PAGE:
Claiming our Space: Muslim Women, Activism, and Social Media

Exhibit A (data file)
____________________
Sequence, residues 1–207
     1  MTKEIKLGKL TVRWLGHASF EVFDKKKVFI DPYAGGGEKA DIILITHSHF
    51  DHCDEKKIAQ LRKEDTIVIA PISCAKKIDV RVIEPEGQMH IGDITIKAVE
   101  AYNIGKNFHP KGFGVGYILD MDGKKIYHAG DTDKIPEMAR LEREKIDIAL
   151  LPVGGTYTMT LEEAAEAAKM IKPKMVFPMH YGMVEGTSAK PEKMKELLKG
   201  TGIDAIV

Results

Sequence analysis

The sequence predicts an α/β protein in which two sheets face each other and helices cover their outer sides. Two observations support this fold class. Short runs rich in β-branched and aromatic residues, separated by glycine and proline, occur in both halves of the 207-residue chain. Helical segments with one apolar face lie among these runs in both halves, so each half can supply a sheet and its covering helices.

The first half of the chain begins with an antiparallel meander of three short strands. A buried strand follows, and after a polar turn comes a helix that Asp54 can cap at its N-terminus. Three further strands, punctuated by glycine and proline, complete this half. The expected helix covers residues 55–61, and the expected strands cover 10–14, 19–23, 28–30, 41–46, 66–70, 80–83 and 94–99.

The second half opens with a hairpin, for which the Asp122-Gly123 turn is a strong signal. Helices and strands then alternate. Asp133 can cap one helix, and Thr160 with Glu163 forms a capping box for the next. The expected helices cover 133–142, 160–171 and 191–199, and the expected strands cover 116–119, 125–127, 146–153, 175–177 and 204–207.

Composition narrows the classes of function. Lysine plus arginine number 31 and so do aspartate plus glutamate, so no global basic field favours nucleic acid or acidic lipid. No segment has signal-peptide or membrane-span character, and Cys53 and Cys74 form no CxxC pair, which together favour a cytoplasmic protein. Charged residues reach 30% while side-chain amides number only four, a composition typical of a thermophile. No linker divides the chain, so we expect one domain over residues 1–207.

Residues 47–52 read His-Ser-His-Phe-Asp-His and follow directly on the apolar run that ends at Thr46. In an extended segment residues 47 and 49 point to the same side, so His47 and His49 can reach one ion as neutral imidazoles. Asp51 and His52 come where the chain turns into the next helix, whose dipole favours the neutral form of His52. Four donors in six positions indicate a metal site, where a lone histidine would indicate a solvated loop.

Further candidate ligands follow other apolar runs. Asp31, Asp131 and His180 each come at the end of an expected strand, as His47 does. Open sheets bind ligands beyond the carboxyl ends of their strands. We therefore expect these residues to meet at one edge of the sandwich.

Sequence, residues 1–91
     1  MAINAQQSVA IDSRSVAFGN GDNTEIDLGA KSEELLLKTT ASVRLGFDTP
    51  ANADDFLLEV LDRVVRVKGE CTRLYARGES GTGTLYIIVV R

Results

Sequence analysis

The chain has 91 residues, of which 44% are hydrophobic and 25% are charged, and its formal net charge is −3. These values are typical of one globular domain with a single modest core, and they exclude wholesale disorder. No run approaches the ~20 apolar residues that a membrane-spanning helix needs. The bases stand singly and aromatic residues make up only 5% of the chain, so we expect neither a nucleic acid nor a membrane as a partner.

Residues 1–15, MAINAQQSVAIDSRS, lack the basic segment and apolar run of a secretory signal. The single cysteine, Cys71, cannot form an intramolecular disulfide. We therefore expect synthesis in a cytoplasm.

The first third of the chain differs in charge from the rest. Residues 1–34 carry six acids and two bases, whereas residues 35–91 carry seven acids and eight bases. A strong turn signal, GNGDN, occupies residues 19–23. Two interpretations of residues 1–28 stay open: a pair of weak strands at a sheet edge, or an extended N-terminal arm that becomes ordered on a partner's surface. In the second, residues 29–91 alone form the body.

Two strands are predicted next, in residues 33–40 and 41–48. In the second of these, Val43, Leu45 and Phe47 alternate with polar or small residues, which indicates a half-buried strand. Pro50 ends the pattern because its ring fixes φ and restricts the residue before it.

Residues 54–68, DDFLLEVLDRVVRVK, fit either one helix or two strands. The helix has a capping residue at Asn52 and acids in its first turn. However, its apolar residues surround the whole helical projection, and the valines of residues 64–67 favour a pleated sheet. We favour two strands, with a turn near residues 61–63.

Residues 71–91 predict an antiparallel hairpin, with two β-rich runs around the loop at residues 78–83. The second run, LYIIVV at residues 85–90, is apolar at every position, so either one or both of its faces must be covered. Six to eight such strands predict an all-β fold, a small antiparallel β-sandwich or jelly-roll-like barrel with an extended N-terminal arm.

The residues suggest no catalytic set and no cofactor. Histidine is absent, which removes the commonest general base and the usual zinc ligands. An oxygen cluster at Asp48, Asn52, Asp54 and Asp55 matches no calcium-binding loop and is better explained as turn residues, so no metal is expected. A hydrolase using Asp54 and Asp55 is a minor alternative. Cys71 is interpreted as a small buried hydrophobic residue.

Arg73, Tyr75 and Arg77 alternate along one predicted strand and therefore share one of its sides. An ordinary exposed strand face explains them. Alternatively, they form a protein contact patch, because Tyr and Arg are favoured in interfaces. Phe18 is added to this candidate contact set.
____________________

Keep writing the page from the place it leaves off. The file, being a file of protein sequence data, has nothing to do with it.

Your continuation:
This paper addresses the ways in which Muslim women seek to employ online media, particularly social media, to reclaim narratives around space, embodiment, and power. I argue that digital space is, like any other form of media, structured essentially by racism and patriarchy, but I also note the crucial potential for resistance exhibited by Muslim activists such as political leaders Ilhan Omar and Rashida Tlaib, Instagram influencer Ayesha Malik, and the largely anonymous women who participated in #MosqueMeToo, encouraged by the journalist and activist Mona Eltahawy. I draw upon a post/anti-colonial feminist framework and the tools of critical discourse analysis in examining specific instances where such women perform acts of resistance that, in turn, trigger a gendered and raced reaction. I note the ways in which some Muslim women, such as Saudi teenager Rahaf Mohammed, are constructed as media heroes, given that their stories can be co-opted to validate notions of the white colonial savior, while others directly challenge narratives of colonialism and oppression and are thus subjected to backlash. I point to the ways in which some of this vitriol continues to refer back to the notion that Muslim women should be silent, and to the fetishized Muslim woman's body: how it should look, where it can/should go, and what can be done to it.